Chapter

Taʼfeh and Ckalaʼbʼsheh.

Jason Thompson

in Description of Egypt

Published by American University in Cairo Press

Published in print October 2000 | ISBN: 9789774245251
Published online January 2012 | e-ISBN: 9781617970160 | DOI: http://dx.doi.org/10.5743/cairo/9789774245251.003.0035
Taʼfeh and Ckalaʼbʼsheh.

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Above Wa'dee Ckurda'seh the valley widens, for a space of about three miles; and the tract of cultivable land on each side of the river is not so narrow. In this comparatively open district, on the west side of the river, are situated two temples and numerous other monuments of the town of Taphis. This chapter describes various monuments of the town of Ta'feh (the ancient Taphis). The mountains of granite which confine and contract the bed of the Nile immediately above Ta'feh have a bold and picturesque appearance. Proceeding a little way up this narrow strait, the stream is obstructed yet more by numerous rocky islands, which are also of granite. These, when the river is low, form rapids, which are termed the Shila'l of Ckala'b'sheh. Furthermore, this chapter discusses the principal village of Ckala'b'sheh, which, though one of the least ancient class, is a very fine structure.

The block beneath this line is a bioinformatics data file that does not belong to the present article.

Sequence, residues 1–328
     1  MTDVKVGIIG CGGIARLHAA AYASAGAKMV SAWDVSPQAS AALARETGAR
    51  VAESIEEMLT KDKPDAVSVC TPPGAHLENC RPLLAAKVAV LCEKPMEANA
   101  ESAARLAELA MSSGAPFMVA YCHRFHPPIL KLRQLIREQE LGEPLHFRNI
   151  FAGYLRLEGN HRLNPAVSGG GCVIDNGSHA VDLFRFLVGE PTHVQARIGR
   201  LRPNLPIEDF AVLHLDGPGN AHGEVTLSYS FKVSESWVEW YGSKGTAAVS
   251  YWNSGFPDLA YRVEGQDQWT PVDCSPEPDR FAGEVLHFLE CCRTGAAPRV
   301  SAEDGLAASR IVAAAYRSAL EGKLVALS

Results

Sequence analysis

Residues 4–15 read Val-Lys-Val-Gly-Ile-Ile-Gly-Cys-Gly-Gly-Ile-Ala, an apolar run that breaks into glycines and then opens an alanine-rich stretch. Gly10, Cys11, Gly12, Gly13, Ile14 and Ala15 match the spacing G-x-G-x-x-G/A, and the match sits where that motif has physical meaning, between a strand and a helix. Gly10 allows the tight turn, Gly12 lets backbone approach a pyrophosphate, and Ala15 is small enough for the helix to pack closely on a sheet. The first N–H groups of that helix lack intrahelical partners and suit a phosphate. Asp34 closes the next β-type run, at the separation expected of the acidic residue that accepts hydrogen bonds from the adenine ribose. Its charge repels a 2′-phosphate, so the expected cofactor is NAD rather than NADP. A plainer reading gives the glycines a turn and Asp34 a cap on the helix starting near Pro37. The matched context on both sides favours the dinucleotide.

Keywords: Wa'dee Ckurda'she; Taphis; mountains; rocky islands; Shila'l of Ckala'b'sheh

Chapter.  4366 words. 

Subjects: Society and Culture

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